Encamp has launched a campaign we call Women of EHS, and I’m honored to be one of its first contributors. The campaign’s aim is to highlight women in our industry who’ve accomplished amazing things — and who continue to do so.

Are we “trailblazers”? Perhaps, although most women in this industry don’t view themselves that way. For other women like me, we simply believe the environment must be protected, and that what we’re doing to protect it is important. That’s why I made environmental science my career. It’s also why I came to Encamp.

For Tier II and EPCRA reporting, Encamp developed a first of its kind Software as a Service (SaaS) platform for compliance management “end-to-end.” To date, the Encamp platform has made us the largest third-party filer of EPCRA Tier II reports in the world.

More than that, however, Encamp has put women in some of our company’s most strategic roles. Senior Environmental Scientist (there are two of us). Director of Compliance. Solutions Engineer. In an organization of just 30 people, we might not be trailblazers, but we are certainly cornerstones.

And within the EHS industry, we’re not the only ones.

For our Women of EHS effort, several other women have already agreed to share their stories. We also invite you to tell yours. Here’s mine.

How did you get into the environmental space? A passion / fell into it?

Like many in the industry, I’ve always had a passion for the environment and a love of animals. I began my journey in college at Texas A&M (whoop!) wanting to become a veterinarian, but after two years, I realized that career path wasn’t my true calling. I shifted my focus on studying Environmental Science and haven’t looked back since. I knew immediately I had found my niche. I started my career at an environmental consulting company shortly after graduating.

Did you have any mentors along the way? Anyone you looked up to? Other women in your field or at the company you work for?

I’ve had the honor of working with some incredible, smart, inspiring women over the years. I now get to work with quite a few of them again at Encamp!

Find the right mentor…

  • Know what you want to accomplish professionally
    Work SMART — specific, measurable, achievable, relevant, time-bound — to create effective goals. Increasingly, women are assuming greater EHS roles. Why not be next?
  • Make the ask
    Be clear about your goals, why you think this person is the right mentor for you, and what you expect from them. Many high level EHS professionals are extremely willing mentors.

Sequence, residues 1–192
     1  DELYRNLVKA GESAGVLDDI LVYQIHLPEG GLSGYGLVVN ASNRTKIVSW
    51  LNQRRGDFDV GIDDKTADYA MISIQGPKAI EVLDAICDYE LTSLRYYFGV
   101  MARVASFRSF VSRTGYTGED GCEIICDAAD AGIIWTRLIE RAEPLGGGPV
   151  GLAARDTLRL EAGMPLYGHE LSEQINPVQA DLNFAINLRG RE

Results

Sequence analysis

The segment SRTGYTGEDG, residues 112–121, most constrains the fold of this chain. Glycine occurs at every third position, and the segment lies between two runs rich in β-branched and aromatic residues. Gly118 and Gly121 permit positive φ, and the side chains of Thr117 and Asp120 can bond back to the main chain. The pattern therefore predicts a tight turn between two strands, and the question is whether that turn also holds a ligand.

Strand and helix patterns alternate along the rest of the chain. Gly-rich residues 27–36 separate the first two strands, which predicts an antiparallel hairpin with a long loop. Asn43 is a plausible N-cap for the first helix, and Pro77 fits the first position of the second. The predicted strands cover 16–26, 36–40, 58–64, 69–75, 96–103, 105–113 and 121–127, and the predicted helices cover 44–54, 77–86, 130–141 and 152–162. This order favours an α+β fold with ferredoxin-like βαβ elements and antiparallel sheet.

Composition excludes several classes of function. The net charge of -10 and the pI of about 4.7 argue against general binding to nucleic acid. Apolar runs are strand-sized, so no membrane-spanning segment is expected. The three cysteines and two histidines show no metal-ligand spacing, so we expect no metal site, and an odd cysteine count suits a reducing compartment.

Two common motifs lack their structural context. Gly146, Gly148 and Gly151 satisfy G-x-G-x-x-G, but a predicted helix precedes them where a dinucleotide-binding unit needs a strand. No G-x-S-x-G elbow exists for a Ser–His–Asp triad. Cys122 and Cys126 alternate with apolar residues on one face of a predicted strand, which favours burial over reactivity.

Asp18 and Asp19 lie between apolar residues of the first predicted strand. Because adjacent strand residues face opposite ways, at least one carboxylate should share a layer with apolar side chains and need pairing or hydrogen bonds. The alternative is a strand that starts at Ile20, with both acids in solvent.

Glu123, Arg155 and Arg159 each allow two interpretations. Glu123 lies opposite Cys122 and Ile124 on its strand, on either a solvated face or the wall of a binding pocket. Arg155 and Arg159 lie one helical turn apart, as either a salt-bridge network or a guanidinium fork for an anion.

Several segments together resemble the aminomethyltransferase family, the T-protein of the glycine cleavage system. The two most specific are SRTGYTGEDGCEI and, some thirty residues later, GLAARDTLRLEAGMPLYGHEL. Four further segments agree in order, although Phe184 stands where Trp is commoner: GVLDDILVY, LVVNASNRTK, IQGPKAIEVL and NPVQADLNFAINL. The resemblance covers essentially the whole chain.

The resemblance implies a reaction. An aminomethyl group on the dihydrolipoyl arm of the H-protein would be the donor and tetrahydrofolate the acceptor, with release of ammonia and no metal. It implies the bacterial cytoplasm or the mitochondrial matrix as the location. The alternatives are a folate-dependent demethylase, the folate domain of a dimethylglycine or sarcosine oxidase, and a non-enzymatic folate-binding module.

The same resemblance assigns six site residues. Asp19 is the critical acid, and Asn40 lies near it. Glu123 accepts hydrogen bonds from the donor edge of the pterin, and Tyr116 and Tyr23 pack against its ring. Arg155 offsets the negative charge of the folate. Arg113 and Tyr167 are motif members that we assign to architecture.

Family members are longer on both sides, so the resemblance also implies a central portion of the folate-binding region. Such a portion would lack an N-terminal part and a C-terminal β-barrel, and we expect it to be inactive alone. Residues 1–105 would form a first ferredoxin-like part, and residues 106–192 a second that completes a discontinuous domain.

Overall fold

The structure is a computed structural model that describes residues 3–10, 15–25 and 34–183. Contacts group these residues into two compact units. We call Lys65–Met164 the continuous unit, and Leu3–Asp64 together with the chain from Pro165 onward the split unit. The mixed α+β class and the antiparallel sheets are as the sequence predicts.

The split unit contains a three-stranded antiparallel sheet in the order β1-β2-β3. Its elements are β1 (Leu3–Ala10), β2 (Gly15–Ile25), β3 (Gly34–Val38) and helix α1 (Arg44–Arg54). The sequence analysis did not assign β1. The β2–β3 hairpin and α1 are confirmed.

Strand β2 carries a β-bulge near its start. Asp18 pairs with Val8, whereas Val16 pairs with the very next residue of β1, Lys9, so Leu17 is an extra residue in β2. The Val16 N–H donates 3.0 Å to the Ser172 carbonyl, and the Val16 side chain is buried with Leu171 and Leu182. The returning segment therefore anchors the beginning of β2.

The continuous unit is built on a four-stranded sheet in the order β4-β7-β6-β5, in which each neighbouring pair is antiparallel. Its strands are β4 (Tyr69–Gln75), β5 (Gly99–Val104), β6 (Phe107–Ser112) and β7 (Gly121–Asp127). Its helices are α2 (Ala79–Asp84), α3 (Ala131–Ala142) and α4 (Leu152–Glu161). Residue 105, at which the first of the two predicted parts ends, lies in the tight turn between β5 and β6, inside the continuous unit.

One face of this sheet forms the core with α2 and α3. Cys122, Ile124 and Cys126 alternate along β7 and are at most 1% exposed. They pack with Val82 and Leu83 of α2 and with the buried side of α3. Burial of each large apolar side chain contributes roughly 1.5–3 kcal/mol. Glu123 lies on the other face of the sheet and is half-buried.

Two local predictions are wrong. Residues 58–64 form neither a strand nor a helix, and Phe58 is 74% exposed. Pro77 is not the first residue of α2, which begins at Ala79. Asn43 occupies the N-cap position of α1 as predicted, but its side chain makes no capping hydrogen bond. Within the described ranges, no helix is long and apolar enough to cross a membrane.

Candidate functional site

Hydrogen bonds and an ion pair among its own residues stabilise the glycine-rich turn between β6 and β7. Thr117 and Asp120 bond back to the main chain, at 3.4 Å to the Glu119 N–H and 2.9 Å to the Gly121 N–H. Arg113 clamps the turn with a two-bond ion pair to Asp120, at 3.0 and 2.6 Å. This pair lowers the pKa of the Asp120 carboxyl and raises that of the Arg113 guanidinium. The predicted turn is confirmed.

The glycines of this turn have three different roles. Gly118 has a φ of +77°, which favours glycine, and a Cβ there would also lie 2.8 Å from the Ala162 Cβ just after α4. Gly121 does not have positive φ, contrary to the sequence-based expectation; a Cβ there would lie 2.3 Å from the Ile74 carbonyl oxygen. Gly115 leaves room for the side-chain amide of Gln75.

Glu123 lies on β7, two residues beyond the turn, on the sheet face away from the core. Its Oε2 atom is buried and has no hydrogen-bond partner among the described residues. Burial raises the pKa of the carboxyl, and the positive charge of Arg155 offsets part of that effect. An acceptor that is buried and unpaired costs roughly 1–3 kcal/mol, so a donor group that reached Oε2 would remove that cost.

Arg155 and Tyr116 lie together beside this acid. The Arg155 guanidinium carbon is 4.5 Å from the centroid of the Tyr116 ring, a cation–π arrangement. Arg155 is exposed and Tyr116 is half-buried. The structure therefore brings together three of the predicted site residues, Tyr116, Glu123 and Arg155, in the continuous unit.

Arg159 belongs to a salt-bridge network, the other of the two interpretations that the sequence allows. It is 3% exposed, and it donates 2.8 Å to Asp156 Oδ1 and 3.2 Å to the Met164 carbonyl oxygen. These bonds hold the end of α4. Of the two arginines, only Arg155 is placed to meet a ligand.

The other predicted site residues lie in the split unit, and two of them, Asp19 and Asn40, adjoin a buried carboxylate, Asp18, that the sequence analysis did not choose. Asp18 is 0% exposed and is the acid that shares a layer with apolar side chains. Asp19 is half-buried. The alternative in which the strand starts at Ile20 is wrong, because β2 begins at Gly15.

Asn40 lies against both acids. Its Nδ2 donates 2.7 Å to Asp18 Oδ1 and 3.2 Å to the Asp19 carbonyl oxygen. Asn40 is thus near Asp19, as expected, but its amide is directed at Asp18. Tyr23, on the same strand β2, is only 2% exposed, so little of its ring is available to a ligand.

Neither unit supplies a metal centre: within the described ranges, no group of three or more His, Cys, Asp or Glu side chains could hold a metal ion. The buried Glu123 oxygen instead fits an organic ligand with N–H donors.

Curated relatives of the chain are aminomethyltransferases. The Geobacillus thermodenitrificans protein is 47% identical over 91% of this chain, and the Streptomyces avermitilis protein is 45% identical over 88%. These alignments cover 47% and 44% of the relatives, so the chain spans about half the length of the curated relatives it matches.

• Be a good mentee
    Set an agenda, meet regularly, and be open to constructive as well as positive feedback.

Source: npr.com, The Right Mentor Can Change Your Career

If you have one trait that makes you excel in your position, what is it?

I’ve found that being a good multitasker and careful with details has helped me the most. In EHS it’s a battle to stay on top of everything, with the constantly changing daily scope of tasks. So being able to switch gears on a dime and re-focus my attention has been very helpful for me.

Any challenges you’ve faced? How did you overcome them … or are they still a challenge?

I’ve faced many challenges throughout my career; starting in this industry as a young woman proved to be very difficult. My opinions and thoughts were often overlooked and undervalued. But by working hard, learning to speak up and educating myself on the regulations, I found my own sense of value and self-worth, which inspired me to be an advocate not for only women in EHS but for everyone who deserves to be heard.

Remember, women have a voice, too.

Organizations led by male-dominated management teams often lack the fresh perspective needed to tackle certain projects. (This definitely applies in EHS circles.) A mix of different genders and backgrounds leads to greater diversity and overall “better decision-making.” Most companies further admit that women offer more “creativity, innovation, and openness.” So, yes, make your voice heard.

Source: Inc. Magazine, The Hidden Advantage of Women in Leadership

What are your thoughts on the future of EHS? Technology or tools … challenges?

The future of EHS is technology and that’s why I’m so excited to be a part of Encamp. I’ve seen so many people in EHS struggle with tracking and organizing information on spreadsheets or using archaic programs that aren’t efficient and prove to be a struggle for team collaboration. Being at Encamp I can see how technology will be an extremely powerful tool to help EHS managers be more efficient and break away from a lot of the struggles they face today.

How can the EHS space improve for women?

We need more women and diversity in the industry and in executive roles. Women need to feel like they can speak up and should be a part of decision making. We have to give women a seat at the table and space to thrive and excel in this industry.

Women boost business outcomes.

In a 2019 International Labour Organization survey, nearly 60% of businesses said involving women in decision making “improves business outcomes,” including profit gains of 5% to 20% when more women are in management positions. EHS isn’t necessarily about profits, but making better decisions could sure help avoid a lot of fines.

Source: ilo.org, Women in Business and Management: The Business Case for Change

If you could give another woman advice on how to get where you are today, what would it be?

Don’t be afraid to speak up for yourself and your opinions. Set boundaries and learn to say no if you have too much on your plate, your time is valuable. Work hard, learn the regulations and know your value.

If you could give your “past self” advice, what would it be?

Stick up for yourself and speak up. Trust your intuition.

Join us!

We’d love to share your Women in EHS story.